16. 16. Usability How do you improve it? ● Automate accessibility testing ● Regularly conduct user interviews and perform user research ● Test on real user devices ● Invest in onboarding every type of user a system or product might have Example The time I built multi-language support into an events website to improve the accessibility for its non-English-speaking users, but, didn’t train or make it easy for administrators to add new locales. @antoligy
  17. 17. Reliability What is it? A component functions consistently under specified conditions for a specified period of time How do you measure it? ● Stability — Uptime, # of reported outages ● Availability — MTBF (mean-time-between-failures: mean-time-to-failure + mean-time- to-repair) @antoligy
  18. 18. Reliability @antoligy How do you improve it? ● Chaos-suite: Simulate disasters and failures before they hit you ● Knowledge-sharing exercises in the technology stack ● Apply SLAs and circuit-breakers to dependencies ● Instrument applications and services ● Invest in Observability tooling Example The time Puppet accidentally deleted a production database and server, but because we used Puppet and orchestrated every aspect of AWS, we were able to recover within two hours.
  19. 19. Security What is it? A system protects information and data so that persons or other products or systems have the degree of data access appropriate to their types and levels of authorization How do you measure it? ● Risk — OWASP Risk Rating (Likelihood * Impact) ● Auditability — # of user actions not recorded/attributed to a user ● Integrity — # of areas where PII may be found ● Compliance with standards such as PCI-DSS @antoligy
  20. 20. How do you improve it? ● Scan dependencies for known vulnerabilities (e.g. Snyk) ● Vulnerability scanning of entire system (e.g. automated like Qualys) ● Bug-Bounties ● Role-Based-Access-Control, and Attribute-Based-Access-Control Example The time a Drupal website was hacked and would randomly serve cialis adverts to search- bots only. Security @antoligy
  21. 21. What is it? A system can be efficiently and effectively modified to improve it, correct it or adapt it to changes in environment, and in requirements How do you measure it? ● Testability — % unit code coverage, % scenario coverage, % feature coverage ● Understandability — # of lines of code, average file length, adherence to conventions ● Modifiability — Cyclomatic complexity, Cohesion Maintainability @antoligy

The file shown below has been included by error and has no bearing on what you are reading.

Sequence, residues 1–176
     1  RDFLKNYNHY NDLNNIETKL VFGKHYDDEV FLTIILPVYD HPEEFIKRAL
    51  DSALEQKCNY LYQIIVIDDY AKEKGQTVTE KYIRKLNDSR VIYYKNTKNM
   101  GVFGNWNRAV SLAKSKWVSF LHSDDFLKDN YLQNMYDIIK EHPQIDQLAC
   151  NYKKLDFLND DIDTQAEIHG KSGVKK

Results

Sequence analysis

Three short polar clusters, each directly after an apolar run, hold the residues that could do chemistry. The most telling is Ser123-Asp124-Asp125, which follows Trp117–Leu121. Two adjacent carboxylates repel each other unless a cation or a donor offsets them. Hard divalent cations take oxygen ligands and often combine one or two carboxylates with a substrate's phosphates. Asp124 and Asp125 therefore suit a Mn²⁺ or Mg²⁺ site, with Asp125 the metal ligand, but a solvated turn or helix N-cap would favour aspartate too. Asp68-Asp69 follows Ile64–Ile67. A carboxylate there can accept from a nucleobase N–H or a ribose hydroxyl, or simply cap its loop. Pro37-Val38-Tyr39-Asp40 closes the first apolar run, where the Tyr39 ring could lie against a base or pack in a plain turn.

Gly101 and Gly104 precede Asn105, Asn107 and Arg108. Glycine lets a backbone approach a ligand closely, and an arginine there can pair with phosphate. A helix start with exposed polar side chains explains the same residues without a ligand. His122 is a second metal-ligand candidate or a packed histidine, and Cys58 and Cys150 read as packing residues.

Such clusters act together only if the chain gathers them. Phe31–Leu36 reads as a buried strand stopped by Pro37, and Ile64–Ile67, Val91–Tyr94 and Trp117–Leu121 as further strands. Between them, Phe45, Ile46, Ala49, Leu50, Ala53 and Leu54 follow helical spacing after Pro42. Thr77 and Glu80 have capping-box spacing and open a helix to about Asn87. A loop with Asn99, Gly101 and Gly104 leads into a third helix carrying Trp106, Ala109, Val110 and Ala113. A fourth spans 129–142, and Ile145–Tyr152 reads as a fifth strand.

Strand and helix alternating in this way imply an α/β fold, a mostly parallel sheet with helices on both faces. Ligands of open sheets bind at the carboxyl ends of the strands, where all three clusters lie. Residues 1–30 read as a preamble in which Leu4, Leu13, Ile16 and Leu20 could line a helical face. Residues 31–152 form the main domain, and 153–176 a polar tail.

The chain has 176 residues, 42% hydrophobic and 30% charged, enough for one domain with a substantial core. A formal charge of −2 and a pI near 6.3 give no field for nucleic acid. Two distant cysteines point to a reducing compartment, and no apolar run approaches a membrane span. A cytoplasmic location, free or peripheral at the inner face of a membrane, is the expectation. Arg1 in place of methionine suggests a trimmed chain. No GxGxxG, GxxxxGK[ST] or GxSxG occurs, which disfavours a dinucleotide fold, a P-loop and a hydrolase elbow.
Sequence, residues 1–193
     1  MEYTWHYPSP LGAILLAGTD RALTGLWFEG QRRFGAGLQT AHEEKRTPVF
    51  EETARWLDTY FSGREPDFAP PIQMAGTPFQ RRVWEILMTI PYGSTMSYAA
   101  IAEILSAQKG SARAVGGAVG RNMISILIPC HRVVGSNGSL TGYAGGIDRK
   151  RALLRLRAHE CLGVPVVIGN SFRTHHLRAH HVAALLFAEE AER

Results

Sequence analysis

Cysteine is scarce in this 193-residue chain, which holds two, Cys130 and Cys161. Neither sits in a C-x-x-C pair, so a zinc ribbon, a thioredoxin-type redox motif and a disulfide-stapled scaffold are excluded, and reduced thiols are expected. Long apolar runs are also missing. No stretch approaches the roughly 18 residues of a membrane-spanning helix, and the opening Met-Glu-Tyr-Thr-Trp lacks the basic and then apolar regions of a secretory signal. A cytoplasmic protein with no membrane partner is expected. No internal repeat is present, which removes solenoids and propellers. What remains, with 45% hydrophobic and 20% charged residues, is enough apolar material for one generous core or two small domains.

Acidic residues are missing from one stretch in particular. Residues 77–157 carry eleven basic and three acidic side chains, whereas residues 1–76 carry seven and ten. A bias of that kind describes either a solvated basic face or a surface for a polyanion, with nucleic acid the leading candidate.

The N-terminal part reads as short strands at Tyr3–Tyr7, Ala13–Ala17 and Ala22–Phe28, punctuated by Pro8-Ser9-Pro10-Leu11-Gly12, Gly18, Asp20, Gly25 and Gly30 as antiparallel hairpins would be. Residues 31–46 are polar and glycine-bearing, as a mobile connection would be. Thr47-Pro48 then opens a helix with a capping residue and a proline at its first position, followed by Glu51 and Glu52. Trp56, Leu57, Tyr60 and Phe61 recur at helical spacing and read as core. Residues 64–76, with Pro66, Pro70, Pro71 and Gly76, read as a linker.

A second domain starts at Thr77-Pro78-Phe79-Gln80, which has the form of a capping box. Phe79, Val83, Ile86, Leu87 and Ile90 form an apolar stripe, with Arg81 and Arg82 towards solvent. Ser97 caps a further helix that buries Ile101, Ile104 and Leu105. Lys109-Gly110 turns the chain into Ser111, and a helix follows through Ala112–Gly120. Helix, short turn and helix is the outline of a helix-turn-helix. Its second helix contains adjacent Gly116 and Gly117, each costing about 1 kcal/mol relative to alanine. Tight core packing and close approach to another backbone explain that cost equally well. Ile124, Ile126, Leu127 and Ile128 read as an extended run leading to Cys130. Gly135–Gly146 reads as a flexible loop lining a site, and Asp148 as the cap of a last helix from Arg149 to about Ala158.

22. 22. How do you improve it? ● Invest heavily in developer experience ● Lean on unit-testing to improve developer confidence ● Invest in code-review automation (e.g. Codacy) ● Reduce # caching layers and improve their utilisation ● Document your systems inside-out ● Invest in Observability tooling Example The time when revisiting our architectural documentation and increasing the verbosity of our logging helped us diagnose an intermittent problem as being Redis replicating data asynchronously. Maintainability @antoligy
  23. 23. Portability What is it? A system, product or component can be transferred from one hardware, software or other operational or usage environment to another. How do you improve it? Containerize Portability & Compatibility I’ll be honest: These are not things I think I have ever successfully solved. They are included for “completeness”. Compatibility What is it? A component can exchange information with other components, and/or perform its required functions, while sharing the same hardware or software environment. How do you improve it? Namespacing, Containerize @antoligy
  24. 24. Practical ways of improving quality There are also some general principles we can implement. ● Defining “Done” ● Experiment and iterate ● Test in production
  25. 25. Practical Suggestions: Define “Done” @antoligy ● Being dogmatic about every principle of quality will get us nowhere fast, so prioritise based on what is important for our users. ● Periodically revisit this definition as a team, asking: ○ Do our stakeholders and users understand how this works? ○ Do we think this has helped improve our quality? ○ Do our users feel the same way? ● Work with “quality champions” early-on to define how new bodies of work will be tested. https://www.scrum.org/resources/blog/walking-through-definition-done
  26. 26. Practical Suggestions: Experiment and iterate! @antoligy ● Get feedback from stakeholders and users early and often. ○ As quality improves, it will be easier to manage further changes upwards. ○ Team-members and developers in other areas of the business are stakeholders too. ● Use a model of quality to measure and experiment with process and tooling, and don’t be afraid to make mistakes. ● Link chosen metrics to tangible, easy-to-understand goals, and evaluate success based on trends.